Legal Status and the Everyday Lives of Mexican-Origin Youth in Los Angeles: family, gratitude, and the high school transition
- Author(s): Steinberg, Mindy
- Advisor(s): Weisner, Thomas S
- et al.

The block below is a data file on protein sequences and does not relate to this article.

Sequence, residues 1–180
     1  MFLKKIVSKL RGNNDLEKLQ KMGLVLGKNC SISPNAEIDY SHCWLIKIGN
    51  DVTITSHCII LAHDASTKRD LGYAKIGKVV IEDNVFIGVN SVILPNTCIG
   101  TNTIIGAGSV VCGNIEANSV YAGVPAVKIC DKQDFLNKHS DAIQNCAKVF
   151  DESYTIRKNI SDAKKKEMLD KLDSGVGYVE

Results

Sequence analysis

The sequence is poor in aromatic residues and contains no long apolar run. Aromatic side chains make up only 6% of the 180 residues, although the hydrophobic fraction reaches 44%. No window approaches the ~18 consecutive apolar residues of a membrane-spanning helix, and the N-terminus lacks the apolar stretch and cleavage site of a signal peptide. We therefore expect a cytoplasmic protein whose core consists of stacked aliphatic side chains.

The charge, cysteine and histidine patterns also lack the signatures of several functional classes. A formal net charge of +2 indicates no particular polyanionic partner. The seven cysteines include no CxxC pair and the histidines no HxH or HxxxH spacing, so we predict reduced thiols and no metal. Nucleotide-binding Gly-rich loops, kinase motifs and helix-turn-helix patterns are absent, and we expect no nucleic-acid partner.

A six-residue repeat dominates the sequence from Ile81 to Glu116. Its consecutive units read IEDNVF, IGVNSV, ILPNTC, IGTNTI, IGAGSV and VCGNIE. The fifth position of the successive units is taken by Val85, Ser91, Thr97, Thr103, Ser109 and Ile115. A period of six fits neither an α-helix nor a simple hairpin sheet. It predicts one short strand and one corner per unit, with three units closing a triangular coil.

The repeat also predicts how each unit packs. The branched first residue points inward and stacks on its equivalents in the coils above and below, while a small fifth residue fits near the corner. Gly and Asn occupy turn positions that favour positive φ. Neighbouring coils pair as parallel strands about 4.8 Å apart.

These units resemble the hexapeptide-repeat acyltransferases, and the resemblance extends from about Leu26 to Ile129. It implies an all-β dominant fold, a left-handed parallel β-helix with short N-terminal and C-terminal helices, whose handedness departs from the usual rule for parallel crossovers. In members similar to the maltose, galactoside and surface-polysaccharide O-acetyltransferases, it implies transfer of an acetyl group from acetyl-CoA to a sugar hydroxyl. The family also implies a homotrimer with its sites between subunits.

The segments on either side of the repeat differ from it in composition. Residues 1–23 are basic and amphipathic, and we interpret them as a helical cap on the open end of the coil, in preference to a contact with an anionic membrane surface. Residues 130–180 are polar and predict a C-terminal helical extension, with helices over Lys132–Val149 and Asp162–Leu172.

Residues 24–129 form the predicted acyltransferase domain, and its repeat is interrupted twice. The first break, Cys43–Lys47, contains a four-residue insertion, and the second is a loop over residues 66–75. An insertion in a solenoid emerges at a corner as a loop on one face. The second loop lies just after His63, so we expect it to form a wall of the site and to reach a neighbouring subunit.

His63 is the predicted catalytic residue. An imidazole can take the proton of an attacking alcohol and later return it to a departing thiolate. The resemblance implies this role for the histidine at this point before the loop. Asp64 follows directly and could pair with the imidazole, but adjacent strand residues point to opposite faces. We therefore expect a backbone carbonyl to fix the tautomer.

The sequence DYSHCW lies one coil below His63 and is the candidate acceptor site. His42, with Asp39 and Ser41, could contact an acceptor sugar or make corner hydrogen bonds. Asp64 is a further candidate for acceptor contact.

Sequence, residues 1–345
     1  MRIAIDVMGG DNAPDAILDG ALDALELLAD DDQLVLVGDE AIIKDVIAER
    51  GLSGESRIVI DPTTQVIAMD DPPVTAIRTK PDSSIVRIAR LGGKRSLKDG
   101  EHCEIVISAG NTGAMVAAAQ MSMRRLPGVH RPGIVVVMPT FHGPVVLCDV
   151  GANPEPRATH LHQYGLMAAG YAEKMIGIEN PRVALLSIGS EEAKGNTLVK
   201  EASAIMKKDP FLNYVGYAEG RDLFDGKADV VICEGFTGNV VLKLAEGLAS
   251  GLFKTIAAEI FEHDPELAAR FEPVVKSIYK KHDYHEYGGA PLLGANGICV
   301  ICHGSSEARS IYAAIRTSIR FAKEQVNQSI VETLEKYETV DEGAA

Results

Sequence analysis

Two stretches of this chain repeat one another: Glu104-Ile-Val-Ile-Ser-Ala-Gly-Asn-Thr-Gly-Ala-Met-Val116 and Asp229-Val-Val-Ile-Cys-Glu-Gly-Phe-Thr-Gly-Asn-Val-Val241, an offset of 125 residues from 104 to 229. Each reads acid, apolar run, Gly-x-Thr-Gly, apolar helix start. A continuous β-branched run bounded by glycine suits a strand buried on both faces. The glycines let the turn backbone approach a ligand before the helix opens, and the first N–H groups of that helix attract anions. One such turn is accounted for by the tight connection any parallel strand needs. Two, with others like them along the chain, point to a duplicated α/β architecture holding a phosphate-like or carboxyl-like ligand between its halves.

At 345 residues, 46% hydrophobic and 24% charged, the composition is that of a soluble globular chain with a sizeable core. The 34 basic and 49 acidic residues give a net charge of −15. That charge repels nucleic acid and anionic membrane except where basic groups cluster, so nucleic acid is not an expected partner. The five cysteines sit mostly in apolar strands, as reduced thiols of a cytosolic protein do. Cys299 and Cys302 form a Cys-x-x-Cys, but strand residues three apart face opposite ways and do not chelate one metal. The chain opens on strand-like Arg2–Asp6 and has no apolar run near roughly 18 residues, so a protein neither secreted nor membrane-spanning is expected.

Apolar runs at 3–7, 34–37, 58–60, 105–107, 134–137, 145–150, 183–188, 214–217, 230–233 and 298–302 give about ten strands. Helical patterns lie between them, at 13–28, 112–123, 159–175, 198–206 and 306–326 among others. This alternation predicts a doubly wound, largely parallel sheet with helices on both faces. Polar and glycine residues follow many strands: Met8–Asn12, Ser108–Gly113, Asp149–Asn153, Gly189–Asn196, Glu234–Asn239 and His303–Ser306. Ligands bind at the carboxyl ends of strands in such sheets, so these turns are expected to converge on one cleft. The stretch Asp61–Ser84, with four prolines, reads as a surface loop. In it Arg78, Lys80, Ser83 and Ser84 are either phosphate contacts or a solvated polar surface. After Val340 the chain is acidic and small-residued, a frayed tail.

Familism refers to a set of enduring cultural values in Mexican-origin families that emphasize family assistance, obligation, cohesion, and support. Familism has been repeatedly identified as a source of resilience for even some of the most vulnerable youth, linked to positive academic and behavioral outcomes. Yet some research finds that familism is not enough to transcend hurdles that are too great and resources that are too limited. Feelings of gratitude are also salient features of daily life for many Mexican-origin youth, linked with but different from family obligation. Feelings of gratitude can go overlooked in research that focuses on the prevalence of responsibilities or time spent with family, without accounting for contextual factors, such as legal status circumstances in families or parents’ long hours at work, which can interfere. A central aim in this study is to bridge the gap between research on familism, research on gratitude, and research on legal status implications for Mexican-origin youth, by looking at plural and changing legal status situations in the family context and how familism is experienced by youth across families with plural legal status situations. The two topics – familism and legal status – can together contribute to a more holistic understanding of the actual experiences of youth and family, and how we can promote successful pathways for a significant population of Mexican-origin youth. This study tracks 42 families randomly selected from a larger sample of 428 Mexican-origin families in Los Angeles (La Vida, PI: Andrew Fuligni; Co-PI: Thomas Weisner; Co-PI: Nancy Gonzales) using intensive qualitative interviews, home visits, official school records, and qualitative evidence from a subsample of relatives in Mexico. The Pew Research Center estimates that 51% of Mexican immigrants are undocumented and the majority of their children are U.S. citizens, yet mixed-status families remain largely absent from research. This study looks at the implications of familism, family ties, and legal status across the critical developmental period of late adolescence using a comprehensive, longitudinal, and mixed methods dataset with three years of qualitative and contextual evidence. Evidence shows a significant connection between gratitude and familism for Mexican-origin youth in Los Angeles, and that legal status can account for some of the variation in how familism is experienced. The added strain of unauthorized status does not weaken family cohesion or intensify family conflict; rather, unauthorized youth report feeling grateful to their parents and find meaning in high levels of family responsibility; many emphasize the importance of family connection with immediate and extended relatives in Mexico. The determination to “seguir adelante” (push ahead), in spite of it all, is one theme that emerged across interviews. To succeed academically is a desired outcome across families. This study also aims to contribute to our understanding of the pathways that lead to these desired outcomes for Mexican-origin youth growing up in different family contexts.